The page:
Navajo coronavirus cases increase to 92, with two confirmed deaths, as the virus spreads
By Brenda Norrell
The coronavirus claimed two lives and infected 92 Dine', an increase of 21 people in just 24 hours, Navajo Nation President Jonathan Nez said late Friday.
The Navajo Times reports the spread of the coronavirus followed a gathering of the Nazarene Church in Chilchinbeto. Those attending and their families became ill in Cameron, LeChee and nearby chapters.
One family told the Navajo Times how the father was turned away at a local hospital repeatedly after becoming sick with a high fever after the rally.
A second church rally at Pine Hill near Gallup infected more Dine', and the pastor's family was hospitalized, sources said.
Nationwide, at least two other Native Americans have died from the virus in Oklahoma and Washington State.
The Indian Health Service reported 10 cases in both California and Portland IHS agencies. IHS statistics show only about one-half of Native Americans tested had received results of the tests.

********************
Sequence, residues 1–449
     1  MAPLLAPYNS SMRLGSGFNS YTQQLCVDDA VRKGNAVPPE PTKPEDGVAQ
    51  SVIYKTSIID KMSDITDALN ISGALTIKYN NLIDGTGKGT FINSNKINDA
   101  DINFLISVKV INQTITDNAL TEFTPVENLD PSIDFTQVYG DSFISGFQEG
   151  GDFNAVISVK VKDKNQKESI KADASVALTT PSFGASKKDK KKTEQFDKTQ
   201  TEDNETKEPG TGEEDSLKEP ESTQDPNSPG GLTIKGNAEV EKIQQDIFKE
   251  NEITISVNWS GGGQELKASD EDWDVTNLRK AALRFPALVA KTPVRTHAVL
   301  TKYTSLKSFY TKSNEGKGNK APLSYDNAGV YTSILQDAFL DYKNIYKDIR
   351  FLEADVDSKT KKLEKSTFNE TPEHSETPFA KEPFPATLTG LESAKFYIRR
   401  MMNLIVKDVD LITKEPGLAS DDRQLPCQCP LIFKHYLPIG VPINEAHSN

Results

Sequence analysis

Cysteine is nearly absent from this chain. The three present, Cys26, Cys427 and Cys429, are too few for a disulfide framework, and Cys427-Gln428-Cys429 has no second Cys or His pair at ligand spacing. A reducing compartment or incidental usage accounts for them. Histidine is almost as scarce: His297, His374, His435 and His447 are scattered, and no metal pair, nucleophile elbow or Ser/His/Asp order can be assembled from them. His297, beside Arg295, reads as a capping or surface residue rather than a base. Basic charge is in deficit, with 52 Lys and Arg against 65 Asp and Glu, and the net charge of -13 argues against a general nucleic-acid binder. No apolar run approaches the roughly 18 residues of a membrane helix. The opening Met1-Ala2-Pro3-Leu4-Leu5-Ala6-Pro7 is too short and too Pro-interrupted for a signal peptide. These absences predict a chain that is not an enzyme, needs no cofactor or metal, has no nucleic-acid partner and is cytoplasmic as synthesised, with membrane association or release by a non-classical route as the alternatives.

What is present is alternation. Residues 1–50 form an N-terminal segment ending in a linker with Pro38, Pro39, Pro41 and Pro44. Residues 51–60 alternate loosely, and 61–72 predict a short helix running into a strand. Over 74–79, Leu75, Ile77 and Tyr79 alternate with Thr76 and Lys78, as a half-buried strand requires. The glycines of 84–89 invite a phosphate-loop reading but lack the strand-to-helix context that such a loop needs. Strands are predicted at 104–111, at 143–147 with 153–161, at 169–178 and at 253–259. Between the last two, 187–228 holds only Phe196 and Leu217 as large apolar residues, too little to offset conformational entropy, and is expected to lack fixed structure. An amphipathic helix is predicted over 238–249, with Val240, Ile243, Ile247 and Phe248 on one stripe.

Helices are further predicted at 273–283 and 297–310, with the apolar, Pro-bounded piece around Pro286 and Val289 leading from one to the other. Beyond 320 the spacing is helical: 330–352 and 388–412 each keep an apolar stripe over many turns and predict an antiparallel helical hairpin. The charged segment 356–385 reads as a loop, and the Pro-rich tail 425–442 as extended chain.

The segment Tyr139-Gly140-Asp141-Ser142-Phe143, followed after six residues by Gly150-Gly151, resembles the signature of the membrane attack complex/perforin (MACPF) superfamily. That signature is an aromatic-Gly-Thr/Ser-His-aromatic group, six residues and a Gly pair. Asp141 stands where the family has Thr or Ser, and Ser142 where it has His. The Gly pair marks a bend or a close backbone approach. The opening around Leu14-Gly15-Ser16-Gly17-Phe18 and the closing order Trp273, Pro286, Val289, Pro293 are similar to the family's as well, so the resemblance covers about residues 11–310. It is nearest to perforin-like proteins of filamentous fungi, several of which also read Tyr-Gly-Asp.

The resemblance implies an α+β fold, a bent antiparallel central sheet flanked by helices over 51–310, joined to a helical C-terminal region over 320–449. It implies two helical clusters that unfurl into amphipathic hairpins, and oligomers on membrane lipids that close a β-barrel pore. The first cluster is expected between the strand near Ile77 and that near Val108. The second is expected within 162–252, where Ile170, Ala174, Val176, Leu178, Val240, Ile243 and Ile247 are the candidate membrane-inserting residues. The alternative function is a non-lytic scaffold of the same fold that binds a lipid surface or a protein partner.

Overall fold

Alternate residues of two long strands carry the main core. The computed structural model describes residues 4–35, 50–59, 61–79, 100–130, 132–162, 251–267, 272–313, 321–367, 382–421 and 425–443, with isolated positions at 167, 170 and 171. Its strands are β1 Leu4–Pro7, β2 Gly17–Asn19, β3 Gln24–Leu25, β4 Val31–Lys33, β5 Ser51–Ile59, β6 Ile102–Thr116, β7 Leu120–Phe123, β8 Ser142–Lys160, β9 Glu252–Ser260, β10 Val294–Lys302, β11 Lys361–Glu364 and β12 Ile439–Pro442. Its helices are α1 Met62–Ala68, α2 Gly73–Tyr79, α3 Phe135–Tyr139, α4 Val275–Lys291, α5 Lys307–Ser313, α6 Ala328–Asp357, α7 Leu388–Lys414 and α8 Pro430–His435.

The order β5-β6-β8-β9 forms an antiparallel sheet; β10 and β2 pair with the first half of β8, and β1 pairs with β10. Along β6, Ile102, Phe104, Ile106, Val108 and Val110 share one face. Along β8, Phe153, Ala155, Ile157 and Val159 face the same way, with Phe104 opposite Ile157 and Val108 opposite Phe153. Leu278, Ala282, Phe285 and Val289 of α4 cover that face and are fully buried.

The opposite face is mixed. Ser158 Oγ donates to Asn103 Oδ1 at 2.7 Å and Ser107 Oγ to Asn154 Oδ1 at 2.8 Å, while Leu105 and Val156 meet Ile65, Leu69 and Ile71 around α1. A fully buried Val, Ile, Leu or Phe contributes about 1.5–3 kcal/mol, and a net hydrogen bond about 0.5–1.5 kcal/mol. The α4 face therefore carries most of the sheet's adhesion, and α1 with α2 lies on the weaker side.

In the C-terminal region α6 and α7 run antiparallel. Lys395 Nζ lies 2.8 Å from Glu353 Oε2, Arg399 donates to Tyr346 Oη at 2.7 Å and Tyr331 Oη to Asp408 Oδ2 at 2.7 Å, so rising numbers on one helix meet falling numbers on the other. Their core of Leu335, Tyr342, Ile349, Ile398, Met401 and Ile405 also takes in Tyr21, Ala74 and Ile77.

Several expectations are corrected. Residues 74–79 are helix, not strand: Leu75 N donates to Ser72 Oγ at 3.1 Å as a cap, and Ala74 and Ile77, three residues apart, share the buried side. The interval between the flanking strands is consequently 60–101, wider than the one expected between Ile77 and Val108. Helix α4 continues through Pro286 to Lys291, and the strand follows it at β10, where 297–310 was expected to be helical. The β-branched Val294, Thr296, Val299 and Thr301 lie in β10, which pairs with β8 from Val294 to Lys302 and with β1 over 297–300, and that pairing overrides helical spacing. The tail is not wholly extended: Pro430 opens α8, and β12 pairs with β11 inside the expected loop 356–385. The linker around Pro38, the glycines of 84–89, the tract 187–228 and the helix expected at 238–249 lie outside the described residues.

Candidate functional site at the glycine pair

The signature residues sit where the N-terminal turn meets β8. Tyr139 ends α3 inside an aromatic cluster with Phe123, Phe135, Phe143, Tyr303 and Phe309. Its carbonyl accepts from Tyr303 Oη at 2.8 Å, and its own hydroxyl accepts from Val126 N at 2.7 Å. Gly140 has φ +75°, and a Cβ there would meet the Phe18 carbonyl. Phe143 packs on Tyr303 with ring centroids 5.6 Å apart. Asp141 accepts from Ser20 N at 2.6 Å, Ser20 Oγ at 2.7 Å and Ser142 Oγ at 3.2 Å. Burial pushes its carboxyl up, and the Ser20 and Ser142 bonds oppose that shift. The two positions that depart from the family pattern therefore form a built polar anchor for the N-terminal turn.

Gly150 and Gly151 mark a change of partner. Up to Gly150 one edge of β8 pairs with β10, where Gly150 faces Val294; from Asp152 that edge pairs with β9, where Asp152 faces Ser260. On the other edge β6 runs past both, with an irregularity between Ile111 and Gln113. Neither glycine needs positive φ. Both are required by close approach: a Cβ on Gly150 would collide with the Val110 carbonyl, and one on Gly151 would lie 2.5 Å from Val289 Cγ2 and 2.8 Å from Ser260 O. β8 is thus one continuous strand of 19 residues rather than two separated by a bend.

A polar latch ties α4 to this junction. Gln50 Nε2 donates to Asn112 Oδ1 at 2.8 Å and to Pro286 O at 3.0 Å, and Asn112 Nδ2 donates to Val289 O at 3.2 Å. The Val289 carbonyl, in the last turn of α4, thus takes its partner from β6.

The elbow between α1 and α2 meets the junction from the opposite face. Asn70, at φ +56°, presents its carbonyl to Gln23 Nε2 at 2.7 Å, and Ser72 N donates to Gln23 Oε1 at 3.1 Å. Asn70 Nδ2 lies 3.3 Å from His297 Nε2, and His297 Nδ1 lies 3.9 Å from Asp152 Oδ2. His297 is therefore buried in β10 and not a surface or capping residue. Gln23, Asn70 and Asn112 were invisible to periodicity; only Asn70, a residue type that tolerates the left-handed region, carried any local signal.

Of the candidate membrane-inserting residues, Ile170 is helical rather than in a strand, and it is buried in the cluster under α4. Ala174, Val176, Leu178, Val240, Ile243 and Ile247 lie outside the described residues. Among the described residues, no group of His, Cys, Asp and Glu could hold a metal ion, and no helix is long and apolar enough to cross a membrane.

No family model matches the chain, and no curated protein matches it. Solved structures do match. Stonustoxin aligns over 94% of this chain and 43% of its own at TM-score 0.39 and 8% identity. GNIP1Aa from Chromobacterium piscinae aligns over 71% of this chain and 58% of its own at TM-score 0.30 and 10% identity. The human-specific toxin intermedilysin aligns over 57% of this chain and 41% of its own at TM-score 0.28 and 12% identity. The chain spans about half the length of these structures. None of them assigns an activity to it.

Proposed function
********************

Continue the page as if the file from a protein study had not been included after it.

The Rosebud Sioux in South Dakota established a curfew, restrictions on visitors and businesses and prohibited unaccompanied minors, in an effort to control the spread of the virus after the first case was reported there.
Already with a stay-at-home order in place, the Navajo Nation cases continued to rise this week.
Navajo President Nez said, “Our condolences and prayers go out to the families of the two individuals who have passed on. We also pray for all of those who are fighting to recover from the virus. We cannot thank our health care workers and first responders enough for everything they are doing to help our people."
“To our Navajo people, let’s help our healthcare workers by staying home and isolating ourselves as much as possible. Our public safety officers are needed in our communities every day, and we don’t want to have to take them away from those duties to force people to stay home – we don’t have to go to that extent if people simply listen to the health care experts."
Navajo area doctors pleaded for face masks at Tuba City Medical Center and elsewhere in Indian country. As the coronavirus spread through Indian country this week, Native American doctors urged people to stay at home and sought out those who could help provide face masks.
Currently, the Navajo cases are in Navajo County, Ariz., 49; Apache County, Ariz., 18; Coconino County, Ariz., 6; McKinley County, N.M., 5; San Juan County, N.M., 11; Cibola County, N. M., 1; San Juan County, Utah, 2.